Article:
- It is usually a good idea to use a grout to fill in the air pockets, pin-holes and hair line cracks created when grinding. Grouts result in a much cleaner floor with better clarity. Acrylic-based grouts are very easy to use and are applied during the last stage of metal-bond diamond grinding. To apply, spray a little water to dampen the floor and then pour the grout on and “broom in” (the broom will clean out the dust in the pores). While the acrylic-based grout is still wet, grind over the surface with a grinder using 100 or 120 grit metal diamonds. This creates a slurry and fills the pores. Next, use a foam squeegee to clean the floor, do not use a broom or vacuum as this may remove some of the grout in the pores.
- It is a good idea to densify the floor at this point. The densifier will harden the cement and grout, so the grout will not fall out when grinding. Hybrid diamonds, such as ceramics, can be used after the densifier has completely dried. These hybrid diamonds are more aggressive than resins and help beginner operators remove random scratching that may have been left by the metal-bond diamonds. 100 grit hybrids should be followed by 200 grit hybrids. These grits are honing the concrete and should eliminate all visible scratches.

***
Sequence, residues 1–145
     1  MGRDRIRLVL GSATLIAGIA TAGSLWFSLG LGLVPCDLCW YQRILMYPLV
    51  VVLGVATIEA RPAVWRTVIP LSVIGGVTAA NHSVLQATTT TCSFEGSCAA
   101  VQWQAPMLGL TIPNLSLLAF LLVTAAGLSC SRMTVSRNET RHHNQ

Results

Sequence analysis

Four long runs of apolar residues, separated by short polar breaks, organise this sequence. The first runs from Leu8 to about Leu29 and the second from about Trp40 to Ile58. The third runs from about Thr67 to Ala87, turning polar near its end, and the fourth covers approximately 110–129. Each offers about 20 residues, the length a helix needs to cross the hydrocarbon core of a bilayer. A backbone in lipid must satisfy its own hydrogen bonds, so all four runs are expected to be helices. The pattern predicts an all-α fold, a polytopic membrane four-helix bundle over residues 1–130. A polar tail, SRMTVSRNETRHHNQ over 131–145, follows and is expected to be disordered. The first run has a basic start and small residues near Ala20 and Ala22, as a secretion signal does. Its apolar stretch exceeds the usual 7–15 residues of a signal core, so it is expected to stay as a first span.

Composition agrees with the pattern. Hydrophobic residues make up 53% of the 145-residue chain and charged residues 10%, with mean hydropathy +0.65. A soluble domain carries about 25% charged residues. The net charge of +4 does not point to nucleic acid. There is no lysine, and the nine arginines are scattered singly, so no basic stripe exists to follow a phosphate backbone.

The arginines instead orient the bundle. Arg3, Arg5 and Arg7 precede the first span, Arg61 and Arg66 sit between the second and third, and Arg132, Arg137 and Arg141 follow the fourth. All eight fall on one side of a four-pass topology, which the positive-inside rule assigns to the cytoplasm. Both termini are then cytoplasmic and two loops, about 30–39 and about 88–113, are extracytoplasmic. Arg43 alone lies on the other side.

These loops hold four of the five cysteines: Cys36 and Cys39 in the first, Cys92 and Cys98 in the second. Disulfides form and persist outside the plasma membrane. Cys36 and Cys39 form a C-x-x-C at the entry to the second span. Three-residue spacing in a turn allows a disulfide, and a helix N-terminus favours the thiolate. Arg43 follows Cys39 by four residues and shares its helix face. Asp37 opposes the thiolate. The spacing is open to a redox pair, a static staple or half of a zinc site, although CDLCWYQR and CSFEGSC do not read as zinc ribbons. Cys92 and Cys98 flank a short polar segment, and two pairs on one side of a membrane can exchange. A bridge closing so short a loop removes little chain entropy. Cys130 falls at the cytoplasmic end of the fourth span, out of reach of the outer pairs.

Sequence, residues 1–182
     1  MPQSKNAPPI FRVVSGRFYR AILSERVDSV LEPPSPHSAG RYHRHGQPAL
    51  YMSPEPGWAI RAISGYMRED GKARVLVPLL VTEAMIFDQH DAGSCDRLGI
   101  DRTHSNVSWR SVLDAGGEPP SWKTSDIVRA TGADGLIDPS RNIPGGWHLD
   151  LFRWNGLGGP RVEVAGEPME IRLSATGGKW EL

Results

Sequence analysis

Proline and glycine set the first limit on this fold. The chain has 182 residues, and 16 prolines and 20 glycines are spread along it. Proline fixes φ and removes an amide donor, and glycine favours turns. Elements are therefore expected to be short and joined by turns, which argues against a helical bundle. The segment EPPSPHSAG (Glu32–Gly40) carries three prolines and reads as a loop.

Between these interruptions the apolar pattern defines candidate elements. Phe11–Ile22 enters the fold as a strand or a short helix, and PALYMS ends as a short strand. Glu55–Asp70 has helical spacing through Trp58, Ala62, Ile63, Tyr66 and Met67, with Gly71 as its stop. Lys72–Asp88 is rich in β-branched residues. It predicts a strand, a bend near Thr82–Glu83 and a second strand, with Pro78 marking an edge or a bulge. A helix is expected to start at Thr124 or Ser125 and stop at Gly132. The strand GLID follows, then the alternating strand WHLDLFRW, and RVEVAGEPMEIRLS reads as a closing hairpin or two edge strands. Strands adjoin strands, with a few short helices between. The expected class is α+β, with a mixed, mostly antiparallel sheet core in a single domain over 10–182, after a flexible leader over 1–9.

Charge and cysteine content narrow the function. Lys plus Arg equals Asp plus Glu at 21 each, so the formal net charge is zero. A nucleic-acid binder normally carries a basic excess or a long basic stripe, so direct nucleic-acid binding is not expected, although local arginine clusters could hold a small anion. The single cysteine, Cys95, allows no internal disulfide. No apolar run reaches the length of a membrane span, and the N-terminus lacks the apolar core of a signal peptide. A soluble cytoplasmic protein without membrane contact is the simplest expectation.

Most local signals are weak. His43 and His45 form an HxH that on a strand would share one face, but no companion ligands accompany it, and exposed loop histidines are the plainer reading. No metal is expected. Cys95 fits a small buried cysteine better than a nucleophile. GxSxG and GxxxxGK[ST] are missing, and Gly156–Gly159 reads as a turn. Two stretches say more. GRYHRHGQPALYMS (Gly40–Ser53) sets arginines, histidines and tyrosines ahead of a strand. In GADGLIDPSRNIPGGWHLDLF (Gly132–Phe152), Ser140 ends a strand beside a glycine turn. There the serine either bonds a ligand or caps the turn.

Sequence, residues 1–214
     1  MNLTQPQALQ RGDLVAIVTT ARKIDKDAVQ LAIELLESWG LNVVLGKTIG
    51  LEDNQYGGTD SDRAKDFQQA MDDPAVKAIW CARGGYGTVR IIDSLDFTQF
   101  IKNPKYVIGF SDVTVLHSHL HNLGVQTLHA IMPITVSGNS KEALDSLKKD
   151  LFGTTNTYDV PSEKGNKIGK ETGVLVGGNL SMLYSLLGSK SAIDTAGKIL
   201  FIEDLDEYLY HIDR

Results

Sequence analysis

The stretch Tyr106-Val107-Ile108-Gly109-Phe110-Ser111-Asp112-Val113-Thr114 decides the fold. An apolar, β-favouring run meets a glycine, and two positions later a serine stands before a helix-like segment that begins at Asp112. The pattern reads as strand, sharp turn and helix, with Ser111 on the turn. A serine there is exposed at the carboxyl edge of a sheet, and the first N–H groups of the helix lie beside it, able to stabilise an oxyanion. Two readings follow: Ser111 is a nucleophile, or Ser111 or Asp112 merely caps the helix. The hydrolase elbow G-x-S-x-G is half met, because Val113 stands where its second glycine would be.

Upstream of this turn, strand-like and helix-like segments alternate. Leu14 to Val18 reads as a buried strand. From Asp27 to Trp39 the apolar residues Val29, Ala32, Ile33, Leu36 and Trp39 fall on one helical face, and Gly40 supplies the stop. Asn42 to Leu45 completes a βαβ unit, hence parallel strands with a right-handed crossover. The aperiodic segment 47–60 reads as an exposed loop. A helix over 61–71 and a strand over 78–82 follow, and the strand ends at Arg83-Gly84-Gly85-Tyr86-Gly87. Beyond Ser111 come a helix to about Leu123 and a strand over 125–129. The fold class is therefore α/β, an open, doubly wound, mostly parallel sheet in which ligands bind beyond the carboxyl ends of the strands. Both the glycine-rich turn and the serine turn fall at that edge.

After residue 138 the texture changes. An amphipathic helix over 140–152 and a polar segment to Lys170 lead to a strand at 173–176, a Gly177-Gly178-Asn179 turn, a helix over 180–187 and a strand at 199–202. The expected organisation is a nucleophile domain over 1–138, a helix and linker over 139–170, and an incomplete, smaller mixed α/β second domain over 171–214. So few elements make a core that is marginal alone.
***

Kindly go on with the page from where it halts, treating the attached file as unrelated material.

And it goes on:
- Next, polish with 400 grit resin. This might be the last step depending on gloss specifications. If needed, 800 grit resin pads can be used to achieve further gloss and clarity on the floor. The 400 grit resin closes the floor enough to be a polished surface and still have a good slip coefficient.
- The final step is applying a guard to the finished floor. A guard is usually a better option for a high traffic area than a topical sealer. The major difference is that a guard penetrates into the concrete and only leaves a residue on the surface. When the concrete is fully cured, the guard is buffed off and the concrete is then a wear surface. A sealer is topical and usually needs to be heated with a high speed burnisher to cure. While both will protect the floor, the sealer will eventually wear away and need maintenance in high-traffic areas.
Department stores and warehouses are always looking for new, cost-efficient and “greener” ways to enhance their facility. Knowing the basics of industrial/commercial polishing can give these facilities another flooring option with endless possibilities.